de Jesus, Karla, de Jesus, Kelly, Figueiredo, P., Gongalves, P., Pereira, S., Viler, S., Vilas-Boas, J. P., & Fernandes, R. J. (2011). Electromyographic analysis of the backstroke start with different feet positions. Medicine and Science in Sports and Exercise, 43(5). Supplement abstract 2309.

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This study analyzed the electromyographic (EMG) activity of the propulsive and stabilizing muscles during backstroke starts performed with the feet submerged and with the feet above the water surface. High-level male swimmers (N = 4) performed two sets of six maximal repetitions using the two different feet positions over a distance of 15m. Surface EMG signals of deltoideus anterior, biceps brachii, triceps brachii, erector spinae longissimus, gluteus maximus, rectus femoris and gastrocnemius medialis were obtained. A qualitative video analysis was used to breakdown the backstroke start into five phases: hands-off, take-off, flight, entry, and glide.

During the hands-off phase EMG activity was higher for the biceps brachii and erector spinae longissimus with the feet above the water than when submerged. No differences between start variants were observed in the take-off phase. For the flight phase, EMG activity was higher for the deltoideus anterior, biceps brachii, and erector spinae longissimus when the feet were placed above the water. During the entry phase, the EMG value of erector spinae longissimus was higher when the feet were above the water. The EMG activity for biceps brachii and erector spinae longissimus in the last phase (the glide) was higher for the above water feet placement.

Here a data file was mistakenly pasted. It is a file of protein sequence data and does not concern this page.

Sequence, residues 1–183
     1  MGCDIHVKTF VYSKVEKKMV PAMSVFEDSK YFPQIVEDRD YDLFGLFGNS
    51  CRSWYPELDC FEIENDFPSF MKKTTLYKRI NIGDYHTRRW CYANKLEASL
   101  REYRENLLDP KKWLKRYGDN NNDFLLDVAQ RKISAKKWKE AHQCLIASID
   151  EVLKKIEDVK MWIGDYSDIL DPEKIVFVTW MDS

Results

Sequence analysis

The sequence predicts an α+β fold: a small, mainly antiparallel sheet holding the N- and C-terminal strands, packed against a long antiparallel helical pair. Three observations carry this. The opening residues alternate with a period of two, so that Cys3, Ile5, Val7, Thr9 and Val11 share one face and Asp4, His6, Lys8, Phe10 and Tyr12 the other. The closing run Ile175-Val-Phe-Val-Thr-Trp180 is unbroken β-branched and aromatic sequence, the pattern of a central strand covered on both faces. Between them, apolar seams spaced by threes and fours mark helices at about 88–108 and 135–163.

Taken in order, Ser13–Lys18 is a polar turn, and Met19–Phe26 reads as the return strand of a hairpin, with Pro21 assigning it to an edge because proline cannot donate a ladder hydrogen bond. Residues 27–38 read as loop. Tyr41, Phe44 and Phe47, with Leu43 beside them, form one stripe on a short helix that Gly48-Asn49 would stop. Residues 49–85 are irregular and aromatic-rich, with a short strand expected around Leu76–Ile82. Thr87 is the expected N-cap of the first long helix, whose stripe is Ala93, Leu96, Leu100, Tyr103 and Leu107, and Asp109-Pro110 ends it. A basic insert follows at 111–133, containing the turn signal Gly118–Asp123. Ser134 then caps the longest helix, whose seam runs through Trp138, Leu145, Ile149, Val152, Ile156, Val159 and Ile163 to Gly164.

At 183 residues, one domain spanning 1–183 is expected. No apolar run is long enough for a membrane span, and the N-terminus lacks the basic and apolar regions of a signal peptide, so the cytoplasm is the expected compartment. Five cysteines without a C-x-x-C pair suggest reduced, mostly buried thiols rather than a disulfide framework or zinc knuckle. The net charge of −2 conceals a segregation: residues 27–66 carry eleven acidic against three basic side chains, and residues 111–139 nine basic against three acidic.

Implication. Placing the feet above the water level in the backstroke start requires greater activity in some propulsive and stabilizing muscles than when the feet are positioned below the surface. The placing of the feet in the backstroke start invokes different muscular activity in the start itself, indicating that forms of the start are different skills. One should not assume that both types of starts are variants or similar with regards to demands placed on a swimmer. Each would have to be practiced to produce high levels of skill.

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